‘You've got a soul and you must save it’, but: ‘You've got a sexual nature, and you must find out how to use it well’" ‘You've got an unconscious, and you must learn how to liberate it’. ‘You've got a body, and you must know how to enjoy it’. ‘You've got a libido, and you must know how to spend it’ (Baudrillard ([1987] 2007:39).

Narrating the body in Written on the Body, the narration becomes seduction, diverting things “from that value, and hence from their identity, their reality” (Baudrillard, 2003:21). The body that is narrated here is not able; it is unhealthy, diseased and dying. It is not capable of sexuality or of producing desires. We do not come to know of this body directly, but through the narrator. Despite that, the narrator is aware of this and says, “The Leukaemic body hurts easily. I could not be rough with you now, making you cry out with pleasure close to pain. We’ve bruised each other, broken the capillaries shot with blood. Tubes hair-thin intervening between arteries and veins, those ramified blood vessels that write body’s longing” (Winterson, 2001:124).

And when it comes to the production of desire, the narrator says, “You used to flush with desire. That was when we were in control, our bodies conspirators in our pleasure” (ibid.). Thus, the narration of body in Written on the Body is radically different. It remembers/writes body, which is not sexual and yet remembers/writes it erotically and poetically. This narration of body actually annuls and cancels the very body that it tries to produce. It then offers a symbolic exchange “within the field of language”. Baudrillard would call it ‘Poetic’. Poetic for Baudrillard is “a site of the extermination of value” (ibid.). The narration in Written on the body does not produce any value, body, identity or gender. It is a language ‘turning upon itself’ or a language which “is not ‘centered’ on itself”, rather “it decentres itself” (ibid.:126). The poetic narration of Written on the Body is what Baudrillard would call “a good poem . . . where nothing is left over” (ibid.:200). Whereas Scheherazade’s narration tries to keep death away and makes a clear opposition between life and death, Written on the Body mixes and exchanges life and death, a feature central to Baudrillard’s seduction. The narration of beloved’s dying body is in itself a reversibility of life and death.

So, the problem with Feminism per se and écriture(s) associated with it is that it seeks to overthrow the patriarch structure of male/female while remaining caught in the very structure. “Any movement that believes it can subvert a system by its infra-structure is naïve” (Baudrillard [1979] 1990:10). For Baudrillard, this attempt of feminine to “pass through to the other side, or to cross terms” (ibid,:6) is of no avail. This attempt will do nothing, as it is enclosed within this structure. “Either the structure remains the same, with the female being entirely absorbed by the male”, that is to say masculine belongs to the order of production and will try to produce “woman as female” (ibid.:15), sexual in nature and with sex as value. The other thing that can happen in this attempt to overthrow masculine is that “there is no longer either female or male – the degree zero of the structure” (ibid.:6) which is evident in the rise of Transsexuality. “The danger of the sexual revolution for the female is that she will be enclosed within a structure that condemns her to either discrimination when the structure is strong, or a derisory triumph within a weakened structure” (ibid.). Thus, for Baudrillard, “feminine [should] not [be] what opposes the masculine, but what seduces the masculine” (ibid.:7).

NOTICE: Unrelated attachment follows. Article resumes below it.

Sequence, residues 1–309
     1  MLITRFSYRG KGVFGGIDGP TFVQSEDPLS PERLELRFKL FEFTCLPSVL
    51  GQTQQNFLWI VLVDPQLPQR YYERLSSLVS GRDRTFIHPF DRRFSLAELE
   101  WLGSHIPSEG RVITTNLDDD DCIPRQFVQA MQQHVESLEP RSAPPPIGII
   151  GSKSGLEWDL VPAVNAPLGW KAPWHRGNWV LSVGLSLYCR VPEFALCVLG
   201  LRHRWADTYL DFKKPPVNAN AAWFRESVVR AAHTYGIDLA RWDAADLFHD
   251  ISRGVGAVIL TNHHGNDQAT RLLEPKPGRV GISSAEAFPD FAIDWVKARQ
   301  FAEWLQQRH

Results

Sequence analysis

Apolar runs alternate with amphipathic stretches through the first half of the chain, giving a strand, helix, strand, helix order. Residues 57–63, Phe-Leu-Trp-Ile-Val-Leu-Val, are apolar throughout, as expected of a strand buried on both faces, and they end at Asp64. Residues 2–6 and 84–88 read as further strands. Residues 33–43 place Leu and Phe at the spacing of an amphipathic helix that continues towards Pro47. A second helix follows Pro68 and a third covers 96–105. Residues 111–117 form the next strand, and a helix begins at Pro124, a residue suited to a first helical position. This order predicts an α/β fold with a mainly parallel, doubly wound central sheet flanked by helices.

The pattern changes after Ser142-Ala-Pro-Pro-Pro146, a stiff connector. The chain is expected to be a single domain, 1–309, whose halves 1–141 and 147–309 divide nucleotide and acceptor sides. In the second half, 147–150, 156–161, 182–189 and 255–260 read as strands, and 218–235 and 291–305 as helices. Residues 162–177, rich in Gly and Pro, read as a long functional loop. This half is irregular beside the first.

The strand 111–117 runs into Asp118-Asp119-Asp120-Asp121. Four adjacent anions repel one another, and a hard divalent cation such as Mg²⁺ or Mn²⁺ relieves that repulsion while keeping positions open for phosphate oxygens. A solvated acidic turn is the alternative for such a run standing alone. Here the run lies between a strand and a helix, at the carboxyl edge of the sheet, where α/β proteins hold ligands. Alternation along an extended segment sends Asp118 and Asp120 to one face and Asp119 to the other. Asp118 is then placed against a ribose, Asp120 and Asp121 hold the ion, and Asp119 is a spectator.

In Writing as Seduction, writing takes up the most clichéd norms (e.g., Gender in this novel) and tries not to go beyond them, but rather to transform the relation between them, playing with mere appearances. This writing is always ambivalent calling “into question the legitimacy of value.” The form of writing as Seduction is not to break the linear form, but to seduce it; it is not to go beyond the binary structure or produce multiple structures, but to put reversibility into these binaries without getting exchanged. It does not write to make things appear but to set the “‘play’ of appearances and disappearances, since this play is itself a form of seduction” (Doel, 2010:188) – “it is a circular and reversible process of challenge, one-upmanship, and death” (Baudrillard [1987] 2007:55).

 

Muzaffar Karim completed his  M.A. in English at the University of Kashmir. His Doctoral Thesis (Jawaharlal Nehru University, New Delhi) is: "Knowledge-Power Nexus: A Study of Michel Foucault and Jean Baudrillard". The present paper as presented at a National Seminar: “Women`s Writing: Language, Literature and Theory”, University of Kashmir, March 20, 2012.

References:

Jean Baudrillard ([1972] 1981). For A Critique of the Political Economy of the Sign. St. Louis, MO.: Telos Press.

Jean Baudrillard ([1973] 1975). The Mirror of Production. St. Louis, MO.: Telos Press.

Jean Baudrillard ([1976] 1998). Symbolic Exchange and Death. London: SAGE).

Jean Baudrillard ([1979) 1990). Seduction. Montréal: CTheory Books and New World Perspectives.

Jean Baudrillard ([1987] 2007). Forget Foucault. Los Angeles: Semiotext(e).

Jean Baudrillard (2003). Passwords. London: Verso.

Marcus A. Doel (2010). ‘Seduction’ in The Baudrillard Dictionary (Richard G. Smith, Editor). Edinburgh University Press.

Victoria Grace (2000). Baudrillard’s Challenge: A Feminist Reading. New York: Routledge.

Merja Makinen (2005). The Novels of Jeanette Winterson. New York: Palgrave MacMillan.

V. S. Naipaul (2011). Interview with the Royal Geographic Society (May). For a discussion of his remarks see The Guardian: http://www.guardian.co.uk/books/2011/jun/02/vs-naipaul-jane-austen-women-writers

Jeanette Winterson (2001). Written on the Body. London: Verso).


© International Journal of Baudrillard Studies (2013)

[Main Page]   [Contents]   [Editorial Board]   [Submissions]